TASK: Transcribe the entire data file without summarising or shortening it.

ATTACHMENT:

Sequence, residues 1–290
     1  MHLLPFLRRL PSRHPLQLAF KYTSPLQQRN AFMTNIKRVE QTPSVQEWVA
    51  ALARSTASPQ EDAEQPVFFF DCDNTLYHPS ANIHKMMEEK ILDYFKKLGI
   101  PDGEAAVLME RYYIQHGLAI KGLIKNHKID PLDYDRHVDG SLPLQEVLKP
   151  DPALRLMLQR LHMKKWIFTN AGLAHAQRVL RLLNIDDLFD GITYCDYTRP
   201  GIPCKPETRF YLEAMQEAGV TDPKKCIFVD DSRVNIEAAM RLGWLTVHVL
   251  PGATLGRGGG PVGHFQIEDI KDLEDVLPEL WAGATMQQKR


Sequence, residues 1–290
     1  MHLLPFLRRL PSRHPLQLAF KYTSPLQQRN AFMTNIKRVE QTPSVQEWVA
    51  ALARSTASPQ EDAEQPVFFF DCDNTLYHPS ANIHKMMEEK ILDYFKKLGI
   101  PDGEAAVLME RYYIQHGLAI KGLIKNHKID PLDYDRHVDG SLPLQEVLKP
   151  DPALRLMLQR LHMKKWIFTN AGLAHAQRVL RLLNIDDLFD GITYCDYTRP
   201  GIPCKPETRF YLEAMQEAGV TDPKKCIFVD DSRVNIEAAM RLGWLTVHVL
   251  PGATLGRGGG PVGHFQIEDI KDLEDVLPEL WAGATMQQKR